Nandita Haksar v. State of Manipur, W.P.(Crl.) No. 6 of 2021

Read the judgment here

Date of decision: 03.05.2021

Court: Manipur High Court 

Judges: Chief Justice Sanjay Kumar and Justice Lanusungkum Jamir 

Summary: The Manipur HC held that the principle of non-refoulement was part of Article 21, thereby protecting Myanmarese nationals who entered India illegally under the threat of persecution by declaring them to be ‘refugees’ and not ‘migrants’.

Facts: The case arose out of a writ petition filed by the petitioner on behalf of 7 Myanmarese citizens before the Manipur HC. After the military coup in Myanmar during February 2021, the military junta banned Mizzima, an established Myanmarese media and news service, and arrested/detained several of its journalists. Of the 7 individuals represented in the petition, 3 were journalists, the others being the wife and 3 minor children of one journalist. They entered India and took shelter at Moreh in Tengnoupal district, Manipur, and sought the help of the petitioner as they feared that they would be sent back to Myanmar due to lack of proper travel documents.

The writ petition was filed on behalf of the 7 Myanmarese nationals, requesting passage for them to travel to New Delhi to seek protection from the United Nations High Commissioner for Refugees (UNHCR). 

The Home Ministry, Government of India, vide its letter dated 10.03.2021, had directed the authorities of the border States in North-East India to check the flow of illegal migrants coming into India from Myanmar. However, a letter dated 29.03.2021 was issued by the Government of Manipur stating that it would come to the aid of Myanmarese nationals who had illegally entered the State.

By its order dated 17.04.2021, the Manipur HC adjourned the case to enable the State and the Central Governments to put forth their stands. In its order dated 20.04.2021, the Court directed the State authorities to arrange for the safe transport and passage of these seven persons from Moreh to Imphal, where they resided in the petitioner’s local residence.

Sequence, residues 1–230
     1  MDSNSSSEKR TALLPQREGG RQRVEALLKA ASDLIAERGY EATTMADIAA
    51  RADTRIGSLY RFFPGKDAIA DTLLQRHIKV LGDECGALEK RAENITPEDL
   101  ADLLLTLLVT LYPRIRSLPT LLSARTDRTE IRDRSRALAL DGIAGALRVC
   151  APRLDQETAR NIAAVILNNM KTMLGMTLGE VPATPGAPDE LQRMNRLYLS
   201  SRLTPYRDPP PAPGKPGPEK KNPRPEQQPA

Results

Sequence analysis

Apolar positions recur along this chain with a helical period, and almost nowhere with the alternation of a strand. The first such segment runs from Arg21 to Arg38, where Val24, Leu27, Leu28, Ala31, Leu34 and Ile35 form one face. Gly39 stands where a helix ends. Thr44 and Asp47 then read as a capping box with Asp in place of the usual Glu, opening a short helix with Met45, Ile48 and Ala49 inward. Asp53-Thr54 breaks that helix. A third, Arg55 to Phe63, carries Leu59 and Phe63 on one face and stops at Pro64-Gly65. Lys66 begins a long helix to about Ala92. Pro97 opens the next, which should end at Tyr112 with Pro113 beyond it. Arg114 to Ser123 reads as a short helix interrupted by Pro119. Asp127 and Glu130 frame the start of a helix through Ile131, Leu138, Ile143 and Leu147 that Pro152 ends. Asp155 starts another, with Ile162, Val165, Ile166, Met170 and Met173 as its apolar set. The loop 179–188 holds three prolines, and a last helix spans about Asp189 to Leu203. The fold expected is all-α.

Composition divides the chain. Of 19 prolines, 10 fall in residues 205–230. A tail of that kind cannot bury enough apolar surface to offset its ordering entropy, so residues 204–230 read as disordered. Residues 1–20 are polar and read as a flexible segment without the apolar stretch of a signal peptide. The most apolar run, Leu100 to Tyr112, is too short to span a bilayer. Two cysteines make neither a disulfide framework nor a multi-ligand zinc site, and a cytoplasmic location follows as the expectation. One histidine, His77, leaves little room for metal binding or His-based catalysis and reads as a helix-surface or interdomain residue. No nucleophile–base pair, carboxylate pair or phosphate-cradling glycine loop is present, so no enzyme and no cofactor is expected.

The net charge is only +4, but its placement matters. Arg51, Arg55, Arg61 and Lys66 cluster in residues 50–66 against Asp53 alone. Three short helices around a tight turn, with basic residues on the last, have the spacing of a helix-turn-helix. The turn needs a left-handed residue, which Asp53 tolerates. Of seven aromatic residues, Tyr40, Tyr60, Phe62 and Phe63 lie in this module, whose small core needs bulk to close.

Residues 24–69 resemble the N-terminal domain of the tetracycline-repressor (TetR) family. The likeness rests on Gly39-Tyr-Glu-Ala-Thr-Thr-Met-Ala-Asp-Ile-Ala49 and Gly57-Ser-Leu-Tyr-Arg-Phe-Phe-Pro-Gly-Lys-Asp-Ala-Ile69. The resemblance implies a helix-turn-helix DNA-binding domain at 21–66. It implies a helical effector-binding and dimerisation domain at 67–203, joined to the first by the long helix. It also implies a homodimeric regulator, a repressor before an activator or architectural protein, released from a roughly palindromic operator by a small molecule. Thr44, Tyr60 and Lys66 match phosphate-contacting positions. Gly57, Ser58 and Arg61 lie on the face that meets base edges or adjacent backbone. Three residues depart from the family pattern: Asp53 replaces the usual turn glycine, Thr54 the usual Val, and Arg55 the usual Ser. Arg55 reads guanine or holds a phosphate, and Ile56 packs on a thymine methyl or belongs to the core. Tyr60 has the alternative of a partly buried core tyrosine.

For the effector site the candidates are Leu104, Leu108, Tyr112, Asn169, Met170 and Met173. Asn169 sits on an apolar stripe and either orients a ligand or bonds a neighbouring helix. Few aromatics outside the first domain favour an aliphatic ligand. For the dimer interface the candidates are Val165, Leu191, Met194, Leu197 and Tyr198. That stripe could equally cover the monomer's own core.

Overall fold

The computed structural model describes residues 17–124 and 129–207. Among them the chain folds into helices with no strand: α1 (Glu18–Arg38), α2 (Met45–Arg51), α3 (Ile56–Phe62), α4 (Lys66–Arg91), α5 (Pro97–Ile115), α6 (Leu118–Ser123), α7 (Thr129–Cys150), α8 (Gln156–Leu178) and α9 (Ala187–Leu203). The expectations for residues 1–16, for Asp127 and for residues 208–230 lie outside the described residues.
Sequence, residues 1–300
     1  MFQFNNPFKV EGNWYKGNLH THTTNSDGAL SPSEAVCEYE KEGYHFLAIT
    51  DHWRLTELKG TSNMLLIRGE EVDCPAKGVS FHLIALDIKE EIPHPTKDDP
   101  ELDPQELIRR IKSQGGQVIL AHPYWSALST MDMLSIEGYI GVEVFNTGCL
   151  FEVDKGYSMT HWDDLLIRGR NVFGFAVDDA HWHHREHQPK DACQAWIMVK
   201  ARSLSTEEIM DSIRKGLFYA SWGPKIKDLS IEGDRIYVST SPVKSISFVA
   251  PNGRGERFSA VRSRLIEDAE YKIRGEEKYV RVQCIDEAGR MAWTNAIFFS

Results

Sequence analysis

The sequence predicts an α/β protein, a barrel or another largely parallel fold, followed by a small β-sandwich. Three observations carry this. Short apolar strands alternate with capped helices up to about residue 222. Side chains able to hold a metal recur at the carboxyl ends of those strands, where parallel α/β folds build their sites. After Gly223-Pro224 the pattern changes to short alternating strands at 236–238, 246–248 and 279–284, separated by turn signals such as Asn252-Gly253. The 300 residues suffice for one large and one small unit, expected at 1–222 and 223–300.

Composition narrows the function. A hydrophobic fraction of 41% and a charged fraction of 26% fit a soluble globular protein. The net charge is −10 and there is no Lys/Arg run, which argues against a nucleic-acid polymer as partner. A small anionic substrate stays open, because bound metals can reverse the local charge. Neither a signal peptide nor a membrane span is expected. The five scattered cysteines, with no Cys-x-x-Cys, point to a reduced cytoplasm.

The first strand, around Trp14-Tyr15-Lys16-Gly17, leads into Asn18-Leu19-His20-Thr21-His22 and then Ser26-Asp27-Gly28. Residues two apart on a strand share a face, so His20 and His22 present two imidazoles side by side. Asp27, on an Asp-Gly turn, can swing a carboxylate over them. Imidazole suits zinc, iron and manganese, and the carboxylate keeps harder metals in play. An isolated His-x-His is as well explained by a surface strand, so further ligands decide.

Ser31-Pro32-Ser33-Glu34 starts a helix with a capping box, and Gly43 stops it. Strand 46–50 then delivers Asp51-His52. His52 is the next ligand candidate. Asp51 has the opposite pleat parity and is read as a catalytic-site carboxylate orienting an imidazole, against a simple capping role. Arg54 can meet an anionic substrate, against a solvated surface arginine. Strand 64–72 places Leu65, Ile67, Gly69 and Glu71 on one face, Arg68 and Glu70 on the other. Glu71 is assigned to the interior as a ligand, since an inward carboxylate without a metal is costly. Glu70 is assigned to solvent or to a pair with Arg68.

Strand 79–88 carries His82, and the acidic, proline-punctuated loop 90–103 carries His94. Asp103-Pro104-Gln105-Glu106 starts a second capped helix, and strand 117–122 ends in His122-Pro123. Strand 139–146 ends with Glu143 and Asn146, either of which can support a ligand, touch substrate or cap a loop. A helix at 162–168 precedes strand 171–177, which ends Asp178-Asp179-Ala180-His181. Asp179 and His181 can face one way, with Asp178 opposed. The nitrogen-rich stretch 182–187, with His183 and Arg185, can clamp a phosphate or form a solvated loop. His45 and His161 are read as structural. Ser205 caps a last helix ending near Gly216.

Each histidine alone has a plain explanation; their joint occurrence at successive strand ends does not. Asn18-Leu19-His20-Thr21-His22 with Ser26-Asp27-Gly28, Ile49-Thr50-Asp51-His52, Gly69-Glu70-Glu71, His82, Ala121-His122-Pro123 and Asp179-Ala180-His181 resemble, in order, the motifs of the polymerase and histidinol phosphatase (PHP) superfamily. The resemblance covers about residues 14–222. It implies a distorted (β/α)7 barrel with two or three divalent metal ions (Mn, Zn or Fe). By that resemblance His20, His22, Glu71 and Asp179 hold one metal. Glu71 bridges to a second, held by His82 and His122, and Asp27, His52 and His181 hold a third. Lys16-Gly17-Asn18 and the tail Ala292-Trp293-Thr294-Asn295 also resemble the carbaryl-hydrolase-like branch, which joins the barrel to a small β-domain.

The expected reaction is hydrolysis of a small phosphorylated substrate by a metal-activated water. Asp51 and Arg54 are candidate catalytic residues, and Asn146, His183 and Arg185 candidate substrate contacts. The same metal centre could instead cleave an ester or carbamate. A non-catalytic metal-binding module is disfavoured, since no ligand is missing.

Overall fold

Holding: The petitioner argued that the Home Ministry’s letter did not draw a distinction between a ‘migrant’ and a ‘refugee’ and that the 7 Myanmarese citizens were refugees, and sought their safe passage to approach the UNHCR at New Delhi for protection. 

The Manipur HC held that the Myanmarese citizens could not be categorized as migrants. According to the court, “The word ‘migrant’ is ordinarily understood to refer to a person who moves from one place to another, especially in order to find work or better living conditions. The word ‘refugee’, on the other hand, refers to a person who is forced to leave his/her country in order to escape war, persecution or natural disaster” (paragraph 6). As per the court, the 7 persons were compelled to flee Myanmar under threat of persecution, and were therefore asylum seekers, and not migrants. 

The HC also granted them safe passage to New Delhi to enable them to avail suitable protection from the UNHCR. This decision of the court was based upon its finding that Article 21 of the Constitution of India encompasses within its scope the principle of ‘non-refoulement’.

‘Non-refoulement’ is a principle of international law that forbids a country receiving asylum seekers from returning them to a country in which they would be in likely danger of persecution based on race, religion, nationality, membership of a particular social group or political opinion.

Significance: This decision clearly states India’s responsibilities towards refugees and asylum seekers despite India not being a signatory to the 1951 Refugee Convention. 

The Manipur HC read non-refoulement within Article 21 of the Constitution and concludes that “The far-reaching and myriad protections afforded by Article 21 of our Constitution, as interpreted and adumbrated by our Supreme Court time and again, would indubitably encompass the right of non-refoulement…” (paragraph 10). The Manipur High Court’s reading of non-refoulement into Indian law conflicts with India’s official position, and the court also takes a step that the Supreme Court was reluctant to take in its interlocutory order in the case of Mohammad Salimullah v. Union of India

The Central Government’s position is that since it is not a signatory to the Refugee Convention or the Protocol Relating to the Status of Refugees, it does not have any obligation to follow the principle of non-refoulement. It has even argued before the Supreme Court that it does not consider non-refoulement a part of customary international law.